Advantages of anterior segment OCT

Both physicians agreed, however, that a major benefit of anterior segment OCT is to confirm what the slit lamp cannot. "The slit lamp is still an incredibly important piece of equipment," Dr. Safran said. "But when you see something that needs clarification, OCT can provide very detailed information about things that can't be visualized optically. The OCT images are guided, however, by slit lamp examination and then can be used to bring out details about specific things seen on exam. When looking at the posterior segment we know where the macula and optic nerve are, so we can automatically go there to scan. But with anterior segment OCT, the pathology that needs examination is almost completely guided by the slit lamp evaluation." For instance, if a patient's corneal transplant graft is failing and the endothelium doesn't look healthy, "I can look at the posterior surface of the cornea to the host-graft junction," Dr. Safran said. "If the junction is small, you can plan on a DSAEK instead of a repeat graft." And because the diagnostic tool is helping plan a (potentially) safer surgery, using anterior segment OCT is reimbursable, he said. For more common pathologies, this type of OCT can help clinicians differentiate between posterior or anterior astigmatism, he added.

Dr. Werner said while IOL opacification and glistenings can generally be confirmed under the slit lamp, "some ophthalmologists not familiar with these conditions may be in doubt," she said. Since IOL calcification or snowflake degeneration can only be treated by explantation, an OCT scan can help confirm the location of the opacificationIOL, posterior capsule, vitreous, etc. "If unnecessary procedures such as Nd:YAG laser posterior capsulotomy or vitrectomy are avoided in these cases, the surgeon explanting/exchanging the opacified IOL will have the best conditions and will be able to place the new lens within the capsular bag," she said.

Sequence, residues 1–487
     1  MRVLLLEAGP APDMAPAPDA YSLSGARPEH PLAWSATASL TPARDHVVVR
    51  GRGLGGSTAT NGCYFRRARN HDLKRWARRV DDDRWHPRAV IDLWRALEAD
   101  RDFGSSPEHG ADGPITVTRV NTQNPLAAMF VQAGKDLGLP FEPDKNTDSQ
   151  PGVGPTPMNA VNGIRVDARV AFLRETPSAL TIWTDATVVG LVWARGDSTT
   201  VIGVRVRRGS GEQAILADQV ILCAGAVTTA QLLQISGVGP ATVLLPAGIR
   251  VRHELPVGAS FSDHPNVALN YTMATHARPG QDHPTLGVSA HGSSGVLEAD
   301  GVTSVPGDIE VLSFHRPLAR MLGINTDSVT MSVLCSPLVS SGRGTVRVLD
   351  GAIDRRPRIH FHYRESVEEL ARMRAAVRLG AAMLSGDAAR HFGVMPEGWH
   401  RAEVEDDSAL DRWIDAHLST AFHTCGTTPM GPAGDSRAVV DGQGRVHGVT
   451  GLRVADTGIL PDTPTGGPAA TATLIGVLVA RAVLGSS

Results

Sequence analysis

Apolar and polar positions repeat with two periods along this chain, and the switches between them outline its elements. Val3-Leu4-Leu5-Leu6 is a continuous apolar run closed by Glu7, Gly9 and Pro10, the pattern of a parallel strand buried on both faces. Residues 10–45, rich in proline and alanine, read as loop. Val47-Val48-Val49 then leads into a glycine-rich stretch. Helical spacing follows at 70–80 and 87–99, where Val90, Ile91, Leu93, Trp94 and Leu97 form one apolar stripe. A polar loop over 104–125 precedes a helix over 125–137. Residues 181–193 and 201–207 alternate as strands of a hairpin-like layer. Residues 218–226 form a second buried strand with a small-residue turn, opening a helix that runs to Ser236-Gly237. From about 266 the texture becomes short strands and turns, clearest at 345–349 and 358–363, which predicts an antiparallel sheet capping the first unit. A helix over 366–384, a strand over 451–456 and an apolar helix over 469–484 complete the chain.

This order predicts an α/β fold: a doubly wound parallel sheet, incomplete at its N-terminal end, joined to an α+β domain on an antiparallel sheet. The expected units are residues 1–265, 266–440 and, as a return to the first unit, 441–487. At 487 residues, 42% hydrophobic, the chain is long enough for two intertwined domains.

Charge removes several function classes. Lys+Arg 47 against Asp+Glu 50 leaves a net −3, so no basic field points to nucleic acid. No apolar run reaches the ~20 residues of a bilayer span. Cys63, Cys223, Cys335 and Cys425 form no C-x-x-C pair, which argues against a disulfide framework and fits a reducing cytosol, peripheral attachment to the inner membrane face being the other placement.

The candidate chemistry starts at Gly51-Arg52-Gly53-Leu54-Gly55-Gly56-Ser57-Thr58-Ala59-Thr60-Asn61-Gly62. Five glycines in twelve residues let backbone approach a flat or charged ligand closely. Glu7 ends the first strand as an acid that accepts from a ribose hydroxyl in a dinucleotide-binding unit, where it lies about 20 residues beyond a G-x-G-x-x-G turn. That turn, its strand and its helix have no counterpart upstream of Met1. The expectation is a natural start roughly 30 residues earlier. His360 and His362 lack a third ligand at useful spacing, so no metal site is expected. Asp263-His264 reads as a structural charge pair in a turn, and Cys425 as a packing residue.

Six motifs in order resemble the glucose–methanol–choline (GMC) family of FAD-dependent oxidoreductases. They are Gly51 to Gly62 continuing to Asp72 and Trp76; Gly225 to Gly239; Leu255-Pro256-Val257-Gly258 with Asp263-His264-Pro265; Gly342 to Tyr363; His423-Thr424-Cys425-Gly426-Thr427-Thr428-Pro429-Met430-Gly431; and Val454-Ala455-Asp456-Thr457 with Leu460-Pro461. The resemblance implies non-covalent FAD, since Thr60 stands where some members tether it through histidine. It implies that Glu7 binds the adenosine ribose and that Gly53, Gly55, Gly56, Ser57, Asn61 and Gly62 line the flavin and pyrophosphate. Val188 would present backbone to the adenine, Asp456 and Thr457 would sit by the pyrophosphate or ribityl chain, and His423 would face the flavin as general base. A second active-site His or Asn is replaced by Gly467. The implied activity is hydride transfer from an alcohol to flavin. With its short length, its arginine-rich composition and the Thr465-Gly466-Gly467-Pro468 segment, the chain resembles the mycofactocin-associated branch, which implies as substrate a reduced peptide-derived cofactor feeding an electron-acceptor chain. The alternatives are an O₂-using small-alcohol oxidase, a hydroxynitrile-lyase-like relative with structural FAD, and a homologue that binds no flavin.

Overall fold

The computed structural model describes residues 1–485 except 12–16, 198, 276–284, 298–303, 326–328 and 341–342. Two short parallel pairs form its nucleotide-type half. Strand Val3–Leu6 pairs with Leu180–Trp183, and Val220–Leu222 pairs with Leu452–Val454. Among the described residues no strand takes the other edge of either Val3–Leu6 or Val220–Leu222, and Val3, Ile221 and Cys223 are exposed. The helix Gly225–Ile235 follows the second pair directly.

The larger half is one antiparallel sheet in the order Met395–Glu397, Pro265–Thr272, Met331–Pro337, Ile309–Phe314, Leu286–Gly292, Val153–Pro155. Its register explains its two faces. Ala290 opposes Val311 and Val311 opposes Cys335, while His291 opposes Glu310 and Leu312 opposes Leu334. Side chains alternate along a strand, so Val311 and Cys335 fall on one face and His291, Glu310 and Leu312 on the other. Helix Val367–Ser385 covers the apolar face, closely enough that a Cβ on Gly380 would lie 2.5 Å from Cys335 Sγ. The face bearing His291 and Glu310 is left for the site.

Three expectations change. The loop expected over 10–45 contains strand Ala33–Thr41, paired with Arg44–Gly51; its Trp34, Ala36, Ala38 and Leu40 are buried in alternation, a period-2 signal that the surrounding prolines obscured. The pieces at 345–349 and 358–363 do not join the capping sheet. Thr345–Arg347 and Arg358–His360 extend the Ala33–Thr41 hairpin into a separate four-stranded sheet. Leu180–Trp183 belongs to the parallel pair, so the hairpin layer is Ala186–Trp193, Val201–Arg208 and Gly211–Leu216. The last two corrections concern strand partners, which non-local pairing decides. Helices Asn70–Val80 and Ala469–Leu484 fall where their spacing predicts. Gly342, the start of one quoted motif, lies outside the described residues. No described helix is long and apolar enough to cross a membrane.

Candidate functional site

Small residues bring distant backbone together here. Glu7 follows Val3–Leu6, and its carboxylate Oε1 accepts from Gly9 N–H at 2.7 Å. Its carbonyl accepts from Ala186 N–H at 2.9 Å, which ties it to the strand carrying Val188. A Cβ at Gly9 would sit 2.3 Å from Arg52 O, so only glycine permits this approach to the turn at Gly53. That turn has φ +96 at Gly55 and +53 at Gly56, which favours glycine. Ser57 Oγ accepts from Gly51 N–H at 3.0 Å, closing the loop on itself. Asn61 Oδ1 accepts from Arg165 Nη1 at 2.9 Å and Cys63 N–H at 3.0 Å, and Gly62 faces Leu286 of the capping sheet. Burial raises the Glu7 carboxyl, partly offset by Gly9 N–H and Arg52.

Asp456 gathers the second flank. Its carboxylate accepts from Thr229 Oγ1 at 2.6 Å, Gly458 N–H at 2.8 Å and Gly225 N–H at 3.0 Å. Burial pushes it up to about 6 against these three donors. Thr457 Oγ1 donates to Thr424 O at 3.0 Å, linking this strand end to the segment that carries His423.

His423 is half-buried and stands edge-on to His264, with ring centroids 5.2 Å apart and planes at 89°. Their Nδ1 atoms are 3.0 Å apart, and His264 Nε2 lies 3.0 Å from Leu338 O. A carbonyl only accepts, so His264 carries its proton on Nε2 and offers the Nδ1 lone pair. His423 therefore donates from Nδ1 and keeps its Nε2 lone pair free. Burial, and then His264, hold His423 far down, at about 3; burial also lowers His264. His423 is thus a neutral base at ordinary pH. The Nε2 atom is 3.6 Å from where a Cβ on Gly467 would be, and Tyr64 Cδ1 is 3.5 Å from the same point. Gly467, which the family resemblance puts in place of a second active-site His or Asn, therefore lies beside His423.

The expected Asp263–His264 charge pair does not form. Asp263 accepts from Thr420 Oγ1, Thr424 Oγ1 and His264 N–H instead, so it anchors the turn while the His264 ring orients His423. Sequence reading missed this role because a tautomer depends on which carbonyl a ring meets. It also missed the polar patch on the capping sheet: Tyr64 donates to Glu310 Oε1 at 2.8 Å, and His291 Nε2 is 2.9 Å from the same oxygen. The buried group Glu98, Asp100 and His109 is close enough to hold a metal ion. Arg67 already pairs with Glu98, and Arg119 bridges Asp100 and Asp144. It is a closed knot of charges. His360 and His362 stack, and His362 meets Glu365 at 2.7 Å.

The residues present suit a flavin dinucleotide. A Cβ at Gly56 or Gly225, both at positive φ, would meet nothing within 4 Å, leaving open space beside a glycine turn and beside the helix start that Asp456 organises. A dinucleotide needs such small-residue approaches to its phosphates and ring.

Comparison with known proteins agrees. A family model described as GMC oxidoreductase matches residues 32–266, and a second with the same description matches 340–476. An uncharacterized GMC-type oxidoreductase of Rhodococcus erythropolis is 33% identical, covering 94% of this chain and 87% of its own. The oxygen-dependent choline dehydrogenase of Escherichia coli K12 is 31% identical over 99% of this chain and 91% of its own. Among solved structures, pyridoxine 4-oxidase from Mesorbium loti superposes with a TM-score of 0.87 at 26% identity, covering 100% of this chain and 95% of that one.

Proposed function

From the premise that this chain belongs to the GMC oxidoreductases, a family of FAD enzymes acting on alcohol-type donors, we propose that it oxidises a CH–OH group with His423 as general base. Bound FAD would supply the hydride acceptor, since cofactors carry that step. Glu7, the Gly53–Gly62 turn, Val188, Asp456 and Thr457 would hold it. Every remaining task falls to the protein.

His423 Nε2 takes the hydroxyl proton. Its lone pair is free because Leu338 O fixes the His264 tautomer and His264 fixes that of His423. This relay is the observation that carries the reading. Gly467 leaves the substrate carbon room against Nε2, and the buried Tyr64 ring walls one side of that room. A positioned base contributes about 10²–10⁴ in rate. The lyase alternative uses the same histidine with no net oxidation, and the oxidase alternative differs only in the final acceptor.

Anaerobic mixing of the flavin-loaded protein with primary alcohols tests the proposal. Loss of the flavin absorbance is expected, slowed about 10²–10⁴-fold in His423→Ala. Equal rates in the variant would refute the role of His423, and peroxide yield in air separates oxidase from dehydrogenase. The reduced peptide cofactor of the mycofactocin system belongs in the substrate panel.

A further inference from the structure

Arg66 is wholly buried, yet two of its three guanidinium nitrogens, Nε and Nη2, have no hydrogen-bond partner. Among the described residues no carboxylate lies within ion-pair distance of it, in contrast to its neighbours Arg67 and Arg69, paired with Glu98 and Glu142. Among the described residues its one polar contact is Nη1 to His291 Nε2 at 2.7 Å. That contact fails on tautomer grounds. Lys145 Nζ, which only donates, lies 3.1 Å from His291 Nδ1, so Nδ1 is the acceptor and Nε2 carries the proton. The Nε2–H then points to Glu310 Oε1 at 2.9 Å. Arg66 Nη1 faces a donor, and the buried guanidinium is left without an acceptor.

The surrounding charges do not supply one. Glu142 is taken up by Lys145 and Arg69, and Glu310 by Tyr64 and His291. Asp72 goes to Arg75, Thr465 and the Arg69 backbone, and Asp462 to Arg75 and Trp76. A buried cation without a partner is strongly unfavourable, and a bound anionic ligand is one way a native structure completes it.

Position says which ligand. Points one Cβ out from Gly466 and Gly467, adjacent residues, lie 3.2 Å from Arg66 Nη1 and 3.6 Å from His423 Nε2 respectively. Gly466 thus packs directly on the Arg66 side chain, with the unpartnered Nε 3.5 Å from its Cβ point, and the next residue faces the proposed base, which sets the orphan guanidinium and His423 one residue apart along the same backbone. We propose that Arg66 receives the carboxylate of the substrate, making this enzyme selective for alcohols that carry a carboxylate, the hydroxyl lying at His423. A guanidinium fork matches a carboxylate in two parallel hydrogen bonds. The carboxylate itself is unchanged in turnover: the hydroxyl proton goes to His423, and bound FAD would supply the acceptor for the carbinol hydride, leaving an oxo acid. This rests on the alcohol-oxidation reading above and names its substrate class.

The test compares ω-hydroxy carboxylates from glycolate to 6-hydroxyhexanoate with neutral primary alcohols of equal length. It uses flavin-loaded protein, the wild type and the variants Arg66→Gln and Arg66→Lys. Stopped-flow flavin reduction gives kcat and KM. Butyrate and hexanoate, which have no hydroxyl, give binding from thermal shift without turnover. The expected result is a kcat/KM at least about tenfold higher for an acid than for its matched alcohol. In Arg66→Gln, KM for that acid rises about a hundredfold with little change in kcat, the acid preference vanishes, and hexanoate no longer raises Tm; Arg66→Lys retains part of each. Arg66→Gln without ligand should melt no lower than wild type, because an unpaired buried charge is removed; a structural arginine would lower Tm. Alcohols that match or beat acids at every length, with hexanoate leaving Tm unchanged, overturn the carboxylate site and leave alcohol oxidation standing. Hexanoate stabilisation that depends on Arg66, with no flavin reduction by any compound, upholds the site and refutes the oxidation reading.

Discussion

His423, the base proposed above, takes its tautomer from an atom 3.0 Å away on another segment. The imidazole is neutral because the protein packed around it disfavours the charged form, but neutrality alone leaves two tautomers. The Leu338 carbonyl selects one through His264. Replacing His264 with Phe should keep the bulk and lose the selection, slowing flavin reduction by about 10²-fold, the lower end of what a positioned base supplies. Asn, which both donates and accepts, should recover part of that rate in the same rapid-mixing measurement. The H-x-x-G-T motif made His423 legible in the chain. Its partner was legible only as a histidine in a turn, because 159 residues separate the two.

Anterior segment OCT is being used to measure corneal flaps, anterior chamber diameter, and crystalline lens thickness, and can be used to evaluate phakic IOL vaulting, epithelial ingrowth in post-LASIK eyes, or residual stromal bed thickness, or even help determine where to place sutures in a corneal transplant, the surgeons said.

"If my OCT could do what the IOLMaster [CZM] can do, I'd have to have two OCTs in the office," Dr. Safran joked.

Reference

1. Werner L, Michelson J, Ollerton A, Leishman L, Bodnar Z. Anterior segment optical coherence tomography in the assessment of postoperative intraocular lens optic changes. J Cataract Refract Surg. 2012;38:1077-1085.

Editors' note: Dr. Safran is a non-paid consultant for Heidelberg. Dr. Werner has no financial interests related to this article.

Contact information

Safran: 215-962 5177, safran12@comcast.net
Werner: 801-581-6586, liliana.werner@hsc.utah.edu